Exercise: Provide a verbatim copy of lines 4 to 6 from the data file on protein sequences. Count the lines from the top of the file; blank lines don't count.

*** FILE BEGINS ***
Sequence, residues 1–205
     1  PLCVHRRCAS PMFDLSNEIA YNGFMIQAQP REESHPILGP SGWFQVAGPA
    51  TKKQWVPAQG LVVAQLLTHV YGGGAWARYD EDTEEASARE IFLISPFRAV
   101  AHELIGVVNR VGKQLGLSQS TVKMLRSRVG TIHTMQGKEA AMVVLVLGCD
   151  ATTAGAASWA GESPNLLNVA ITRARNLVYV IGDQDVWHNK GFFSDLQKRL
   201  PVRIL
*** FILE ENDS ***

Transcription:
   101  AHELIGVVNR VGKQLGLSQS TVKMLRSRVG TIHTMQGKEA AMVVLVLGCD
   151  ATTAGAASWA GESPNLLNVA ITRARNLVYV IGDQDVWHNK GFFSDLQKRL
   201  PVRIL